Thursday, 10 December 2009
Human rights lawyers win recognition at annual awards
The winner of the prestigious Human Rights Medal for 2009 has been announced today as Stephen Keim SC.
The Medal, awarded by the Australian Human Rights Commission, is presented to an individual who has made an outstanding contribution to the advancement of human rights in Australia.
Commission President, Cathy Branson QC said Mr Keim, from Brisbane, Queensland, was a strong advocate for human rights who had always contributed with humility and determination.
Federal Attorney-General, the Hon. Robert McClelland presented the Medal to Mr Keim.
“We had strong nominations in every category and I would like to acknowledge the extraordinary number of Australians who work every day in some way to protect the human rights of each and every one of us,” President Branson said.
Ms Branson said Stephen had been active in a number of cases throughout his life aimed at furthering the human rights of prisoners, refugees, people with disabilities and people experiencing discrimination – work he often undertook on a pro-bono basis.
“Stephen’s efforts throughout his life have been both bold and brave, with one high profile instance being his assiduous efforts undertaken at personal cost in 2007 when he represented Dr Haneef,” Ms Branson said. “Stephen had showed real courage in how he handled himself during the ensuing controversy and his advocacy led to the release and eventual clearance of Dr Haneef.”
Also recognised at the annual Human Rights Medals and Awards ceremony was Gregory McIntyre SC who won the Law Award category.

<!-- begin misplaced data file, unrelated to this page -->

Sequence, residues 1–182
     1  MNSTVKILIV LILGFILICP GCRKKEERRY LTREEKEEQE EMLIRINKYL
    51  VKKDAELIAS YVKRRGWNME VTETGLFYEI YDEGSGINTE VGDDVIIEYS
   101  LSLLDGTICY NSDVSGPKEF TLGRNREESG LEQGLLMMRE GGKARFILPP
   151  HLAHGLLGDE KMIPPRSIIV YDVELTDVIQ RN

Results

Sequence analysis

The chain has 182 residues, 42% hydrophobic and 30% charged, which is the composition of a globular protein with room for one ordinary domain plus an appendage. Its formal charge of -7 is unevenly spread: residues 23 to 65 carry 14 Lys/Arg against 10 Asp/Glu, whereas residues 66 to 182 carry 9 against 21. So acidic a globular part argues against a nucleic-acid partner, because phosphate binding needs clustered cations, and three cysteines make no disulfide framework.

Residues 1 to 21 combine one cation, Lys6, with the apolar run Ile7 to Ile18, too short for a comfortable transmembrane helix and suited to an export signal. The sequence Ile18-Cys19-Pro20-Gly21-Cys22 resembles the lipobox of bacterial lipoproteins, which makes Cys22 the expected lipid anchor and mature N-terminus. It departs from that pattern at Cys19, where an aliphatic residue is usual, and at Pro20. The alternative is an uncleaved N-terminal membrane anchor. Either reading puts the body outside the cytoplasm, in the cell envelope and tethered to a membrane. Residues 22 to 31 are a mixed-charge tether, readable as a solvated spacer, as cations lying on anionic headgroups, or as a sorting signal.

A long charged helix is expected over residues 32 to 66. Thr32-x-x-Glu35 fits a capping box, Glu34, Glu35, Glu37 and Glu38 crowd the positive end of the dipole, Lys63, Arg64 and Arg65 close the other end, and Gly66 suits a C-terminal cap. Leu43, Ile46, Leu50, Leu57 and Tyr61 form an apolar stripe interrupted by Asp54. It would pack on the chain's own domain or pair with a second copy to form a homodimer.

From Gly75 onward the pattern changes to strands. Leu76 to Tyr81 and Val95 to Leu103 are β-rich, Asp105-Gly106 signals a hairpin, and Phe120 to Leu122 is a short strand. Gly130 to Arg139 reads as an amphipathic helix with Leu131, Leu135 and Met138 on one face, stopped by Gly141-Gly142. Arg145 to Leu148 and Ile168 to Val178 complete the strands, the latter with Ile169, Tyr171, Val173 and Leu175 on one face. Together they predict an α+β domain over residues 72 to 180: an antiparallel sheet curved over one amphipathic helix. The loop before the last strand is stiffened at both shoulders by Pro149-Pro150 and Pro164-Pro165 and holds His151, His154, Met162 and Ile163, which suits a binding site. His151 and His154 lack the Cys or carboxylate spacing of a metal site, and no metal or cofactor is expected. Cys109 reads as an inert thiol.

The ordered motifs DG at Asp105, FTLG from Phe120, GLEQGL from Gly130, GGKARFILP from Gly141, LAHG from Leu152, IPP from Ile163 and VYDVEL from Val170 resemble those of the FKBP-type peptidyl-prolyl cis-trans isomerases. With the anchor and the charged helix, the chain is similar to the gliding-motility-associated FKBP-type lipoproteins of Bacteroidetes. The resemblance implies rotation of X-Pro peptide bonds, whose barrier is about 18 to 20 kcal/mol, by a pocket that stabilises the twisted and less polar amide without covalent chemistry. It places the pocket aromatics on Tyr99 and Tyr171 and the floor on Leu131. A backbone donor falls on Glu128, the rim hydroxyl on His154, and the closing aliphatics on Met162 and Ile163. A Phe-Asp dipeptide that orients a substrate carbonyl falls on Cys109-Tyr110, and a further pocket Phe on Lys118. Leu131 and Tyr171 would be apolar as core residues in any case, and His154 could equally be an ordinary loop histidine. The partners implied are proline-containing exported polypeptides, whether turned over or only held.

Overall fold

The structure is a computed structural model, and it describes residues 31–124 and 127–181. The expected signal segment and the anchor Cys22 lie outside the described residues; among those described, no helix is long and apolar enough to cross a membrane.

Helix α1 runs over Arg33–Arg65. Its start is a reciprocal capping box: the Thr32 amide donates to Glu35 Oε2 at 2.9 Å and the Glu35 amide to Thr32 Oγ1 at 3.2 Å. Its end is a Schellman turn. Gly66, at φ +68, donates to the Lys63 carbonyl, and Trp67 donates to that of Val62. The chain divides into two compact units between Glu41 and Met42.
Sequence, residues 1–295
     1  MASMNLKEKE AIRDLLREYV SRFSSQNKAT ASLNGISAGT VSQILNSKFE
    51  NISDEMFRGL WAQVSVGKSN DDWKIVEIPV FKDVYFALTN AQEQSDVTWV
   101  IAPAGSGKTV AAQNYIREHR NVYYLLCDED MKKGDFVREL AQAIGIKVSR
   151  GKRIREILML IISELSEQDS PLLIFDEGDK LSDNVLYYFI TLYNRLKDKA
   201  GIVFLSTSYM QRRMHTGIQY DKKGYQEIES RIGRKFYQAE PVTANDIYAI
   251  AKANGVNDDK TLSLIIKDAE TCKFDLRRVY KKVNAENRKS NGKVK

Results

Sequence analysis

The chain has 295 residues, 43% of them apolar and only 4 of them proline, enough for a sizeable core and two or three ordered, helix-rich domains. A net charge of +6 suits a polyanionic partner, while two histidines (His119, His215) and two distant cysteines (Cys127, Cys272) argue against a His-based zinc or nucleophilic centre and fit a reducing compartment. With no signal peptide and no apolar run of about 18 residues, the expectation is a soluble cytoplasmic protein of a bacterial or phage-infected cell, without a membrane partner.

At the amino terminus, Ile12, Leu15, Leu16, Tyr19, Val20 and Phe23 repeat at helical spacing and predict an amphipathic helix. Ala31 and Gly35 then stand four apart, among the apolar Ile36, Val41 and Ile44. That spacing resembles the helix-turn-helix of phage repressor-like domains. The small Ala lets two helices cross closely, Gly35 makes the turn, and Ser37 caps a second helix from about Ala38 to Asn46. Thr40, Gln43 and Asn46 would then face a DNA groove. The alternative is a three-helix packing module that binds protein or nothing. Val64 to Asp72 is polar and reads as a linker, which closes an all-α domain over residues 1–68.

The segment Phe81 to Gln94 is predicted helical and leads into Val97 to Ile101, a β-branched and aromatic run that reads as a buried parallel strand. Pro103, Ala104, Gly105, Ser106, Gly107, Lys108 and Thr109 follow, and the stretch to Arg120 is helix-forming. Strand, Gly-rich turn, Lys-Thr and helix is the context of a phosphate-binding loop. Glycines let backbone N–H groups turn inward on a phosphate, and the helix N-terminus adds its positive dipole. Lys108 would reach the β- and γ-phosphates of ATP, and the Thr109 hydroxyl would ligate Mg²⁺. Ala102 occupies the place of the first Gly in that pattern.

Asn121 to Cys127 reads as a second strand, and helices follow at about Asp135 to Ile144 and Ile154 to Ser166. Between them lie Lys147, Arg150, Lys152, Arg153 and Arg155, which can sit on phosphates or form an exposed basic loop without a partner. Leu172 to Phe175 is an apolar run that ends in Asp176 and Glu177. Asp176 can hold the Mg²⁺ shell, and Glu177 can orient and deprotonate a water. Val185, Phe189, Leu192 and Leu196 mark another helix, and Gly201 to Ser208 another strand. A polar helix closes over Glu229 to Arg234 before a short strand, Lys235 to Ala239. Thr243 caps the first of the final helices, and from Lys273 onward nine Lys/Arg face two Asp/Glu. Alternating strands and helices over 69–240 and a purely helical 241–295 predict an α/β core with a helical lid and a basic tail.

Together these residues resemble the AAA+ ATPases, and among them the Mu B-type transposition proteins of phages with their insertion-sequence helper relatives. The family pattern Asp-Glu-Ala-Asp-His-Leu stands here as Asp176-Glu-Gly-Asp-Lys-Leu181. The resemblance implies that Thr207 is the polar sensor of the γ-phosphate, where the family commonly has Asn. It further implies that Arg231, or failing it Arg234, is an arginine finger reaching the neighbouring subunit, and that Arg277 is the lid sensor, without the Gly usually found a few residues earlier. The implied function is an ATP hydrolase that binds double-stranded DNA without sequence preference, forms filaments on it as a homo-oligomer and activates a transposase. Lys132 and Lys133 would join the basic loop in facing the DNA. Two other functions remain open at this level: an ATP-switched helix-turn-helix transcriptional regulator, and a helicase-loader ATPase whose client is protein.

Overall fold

Ms Branson said the judges had chosen Mr McIntyre, from Adelaide Terrace, Western Australia, in recognition of his long career promoting and advancing human rights.
“Gregory has advanced human rights through the practice of law since his first job as a solicitor with the Aboriginal Legal Service of Western Australia,” Ms Branson said.
“He has been involved in a number of leading and high profile human rights cases including Koowarta v Bjelke Petersen, concernging the Racial Discrimination Act, and a series of other cases, including Bropho v WA and Tickner v Bropho, concerning the protection of Aboriginal heritage,” Ms Branson said.
“In May 1982, he issued the High Court writ in Mabo v Queensland, retaining conduct of the case for 10 years, including the conduct of Mabo (No 1). He ultimately appeared as Counsel for Eddie Mabo in Mabo (No 2) in which the High Court ruled that the Meriam people had native title. He has also recently provided advice to Cape York Land Council, the Wik people and others on Cape York who were affected by the Archer River basin and other areas in Cape York being declared as wild river areas.”
Melbourne-based Human Rights Law Resource Centre was also awarded the Highly Commended certificate in this category. The judges said it was an organisation which consistently demonstrated an unreserved commitment to the protection and promotion of human rights in Australia.
Media contact: Louise McDermott 0419 258 597